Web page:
Your sensitive data is the foundation of your business, but unfortunately, your data is constantly at risk – from natural disasters to human errors to malicious intent, many businesses have experienced some form of data loss; and the latest form of ransomware strives to steal and encrypt as much data as possible.
Introducing CryptoWall 2.0: a form of ransomware that uses malicious ads on dozens of major websites, including Yahoo, AOL, and Match.com, to infect victim’s networks. While the websites aren’t infected, the ads on the websites are. Essentially, it’s a drive-by-download, where the victim actually becomes infected without clicking on anything.
Proofpoint, a security-as-a-service provider, explained, “the sites themselves weren’t compromised, rather, the advertising networks upon which they relied for dynamic content were inadvertently serving malware.”
So what does this mean for your business? The answer is simple: all of the data you’ve worked hard to create and store is at risk. CryptoWall 2.0 is dangerous and it’s infecting victims’ networks at a rapid rate – more than 830,000 individuals worldwide have experienced an infection!
Once the ransomware enters a network, it encrypts files and places them in a folder of encrypted files. If the victim clicks on any of the files, a message appears, stating something along the lines of:
“Your files have been encrypted. To receive the key to decrypt the files, you must pay 500 USD/EUR. If payment isn’t made before [date], the cost of decrypting files will increase to 1000 USD/EUR”
Typically, the first ransom has a deadline of approximately 4-7 days, however, after the deadline, you’re asked for double the amount. According to Proofpoint, the cybercriminals make an average $25,000 per day! Now of course, the question we’re all wondering, what can be done to stay safe? Here’s 6 important tips:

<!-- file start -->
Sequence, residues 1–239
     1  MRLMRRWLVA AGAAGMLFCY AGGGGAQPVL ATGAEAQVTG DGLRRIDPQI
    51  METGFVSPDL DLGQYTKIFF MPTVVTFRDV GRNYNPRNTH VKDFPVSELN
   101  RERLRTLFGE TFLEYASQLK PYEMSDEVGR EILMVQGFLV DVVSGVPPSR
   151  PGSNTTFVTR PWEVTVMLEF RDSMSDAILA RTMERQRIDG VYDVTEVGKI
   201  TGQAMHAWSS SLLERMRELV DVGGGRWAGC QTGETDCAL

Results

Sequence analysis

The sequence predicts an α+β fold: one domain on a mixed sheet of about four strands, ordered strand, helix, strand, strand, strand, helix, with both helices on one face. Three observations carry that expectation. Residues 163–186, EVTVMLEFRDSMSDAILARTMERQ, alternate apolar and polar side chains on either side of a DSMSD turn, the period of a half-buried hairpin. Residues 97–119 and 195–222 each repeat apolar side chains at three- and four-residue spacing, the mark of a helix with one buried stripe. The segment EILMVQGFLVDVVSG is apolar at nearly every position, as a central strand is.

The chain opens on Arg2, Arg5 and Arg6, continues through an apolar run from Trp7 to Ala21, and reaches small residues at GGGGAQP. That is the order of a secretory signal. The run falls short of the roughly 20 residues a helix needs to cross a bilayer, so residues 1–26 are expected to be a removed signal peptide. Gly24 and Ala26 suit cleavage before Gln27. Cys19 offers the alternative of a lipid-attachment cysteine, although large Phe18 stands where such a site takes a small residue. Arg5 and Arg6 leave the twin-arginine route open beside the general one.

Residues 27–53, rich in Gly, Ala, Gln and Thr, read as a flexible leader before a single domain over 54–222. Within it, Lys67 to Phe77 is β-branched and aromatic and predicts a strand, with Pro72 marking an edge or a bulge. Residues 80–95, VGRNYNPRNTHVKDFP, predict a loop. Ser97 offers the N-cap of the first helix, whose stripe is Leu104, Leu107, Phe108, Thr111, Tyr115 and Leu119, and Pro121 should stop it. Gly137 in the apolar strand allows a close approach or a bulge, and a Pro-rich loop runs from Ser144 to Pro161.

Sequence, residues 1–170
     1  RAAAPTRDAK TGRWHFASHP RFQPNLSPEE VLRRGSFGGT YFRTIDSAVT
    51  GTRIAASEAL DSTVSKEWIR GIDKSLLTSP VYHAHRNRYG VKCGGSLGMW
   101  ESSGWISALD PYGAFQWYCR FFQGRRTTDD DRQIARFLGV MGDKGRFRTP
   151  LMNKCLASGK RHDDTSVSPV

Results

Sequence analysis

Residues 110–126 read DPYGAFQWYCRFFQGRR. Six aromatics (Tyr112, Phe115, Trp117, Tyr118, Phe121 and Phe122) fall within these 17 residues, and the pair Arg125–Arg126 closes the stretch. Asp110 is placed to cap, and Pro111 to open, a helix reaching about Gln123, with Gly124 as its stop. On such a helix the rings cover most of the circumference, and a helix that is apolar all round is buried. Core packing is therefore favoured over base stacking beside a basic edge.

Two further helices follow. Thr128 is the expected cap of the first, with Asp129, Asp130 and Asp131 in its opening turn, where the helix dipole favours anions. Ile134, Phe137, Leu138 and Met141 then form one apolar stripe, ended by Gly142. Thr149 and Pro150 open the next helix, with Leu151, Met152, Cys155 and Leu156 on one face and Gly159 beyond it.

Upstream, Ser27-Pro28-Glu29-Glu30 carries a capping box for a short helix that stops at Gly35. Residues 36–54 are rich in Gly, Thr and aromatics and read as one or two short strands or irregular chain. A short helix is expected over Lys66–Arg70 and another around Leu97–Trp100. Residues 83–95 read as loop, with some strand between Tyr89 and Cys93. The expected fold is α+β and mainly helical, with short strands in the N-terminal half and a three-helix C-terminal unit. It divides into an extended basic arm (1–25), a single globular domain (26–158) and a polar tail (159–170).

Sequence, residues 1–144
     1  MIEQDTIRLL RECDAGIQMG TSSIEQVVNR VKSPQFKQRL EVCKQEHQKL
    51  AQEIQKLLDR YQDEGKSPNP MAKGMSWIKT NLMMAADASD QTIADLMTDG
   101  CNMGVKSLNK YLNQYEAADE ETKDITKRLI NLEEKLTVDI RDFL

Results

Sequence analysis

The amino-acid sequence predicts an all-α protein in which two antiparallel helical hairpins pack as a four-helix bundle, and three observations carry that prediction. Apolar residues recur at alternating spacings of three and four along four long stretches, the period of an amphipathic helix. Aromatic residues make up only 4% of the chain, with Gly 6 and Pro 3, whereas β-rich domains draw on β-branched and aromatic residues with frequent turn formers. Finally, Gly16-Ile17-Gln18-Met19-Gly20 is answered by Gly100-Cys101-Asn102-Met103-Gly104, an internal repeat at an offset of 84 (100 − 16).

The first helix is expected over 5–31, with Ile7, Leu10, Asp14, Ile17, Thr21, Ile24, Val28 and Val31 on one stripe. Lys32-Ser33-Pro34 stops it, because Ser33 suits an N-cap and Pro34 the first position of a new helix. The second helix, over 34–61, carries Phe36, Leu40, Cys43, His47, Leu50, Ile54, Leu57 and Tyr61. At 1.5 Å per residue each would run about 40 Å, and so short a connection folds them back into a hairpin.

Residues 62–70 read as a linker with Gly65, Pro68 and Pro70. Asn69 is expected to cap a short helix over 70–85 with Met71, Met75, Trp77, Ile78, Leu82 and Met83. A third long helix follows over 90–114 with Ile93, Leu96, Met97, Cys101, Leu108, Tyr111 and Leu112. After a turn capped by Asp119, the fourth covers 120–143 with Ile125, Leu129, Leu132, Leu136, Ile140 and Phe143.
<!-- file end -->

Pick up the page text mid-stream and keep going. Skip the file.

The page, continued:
- Make sure you’ve patched end-points: Windows and all third party apps should always be fully patched, and apps that aren’t necessary should be uninstalled, in order to eliminate unnecessary end-points.
- Enable click-to-play for plug-in based content: Most browsers, including Google Chrome and Mozilla Firefox, allow an option to enable click-to-play for plug-in based content, which prevents automatic execution.
- Create an acceptable use policy for employees: Create and enforce an acceptable use policy to disallow employees from browsing inappropriate or potentially malicious websites.
- Implement a malware detection solution: A malware detection solution, whether it’s targeted threat protection (TTP), targeted attack protection (TAP), or any other name, should be implemented on every workstation.
- Use ad-blockers for all browsers: Always use ad-blockers for all browsers used throughout your organization or implement endpoint security that includes ad-blocking features.
- Backup your data on a regular basis: Of course, this is the most obvious tip – if your data is backed up, there’s no need to worry about an infection because you’re able to simply recover your files and move on.
Aside from these simple tips, make sure you’re conducting regular security awareness training for your employees.
Interested in learning more about CryptoWall 2.0 and how to protect your data? Give us a call at (800) 478--8105 or send us an email at firstname.lastname@example.org. Remote Technology Services offers IT security services & consulting to help you stay up to date and protected against the latest security threats!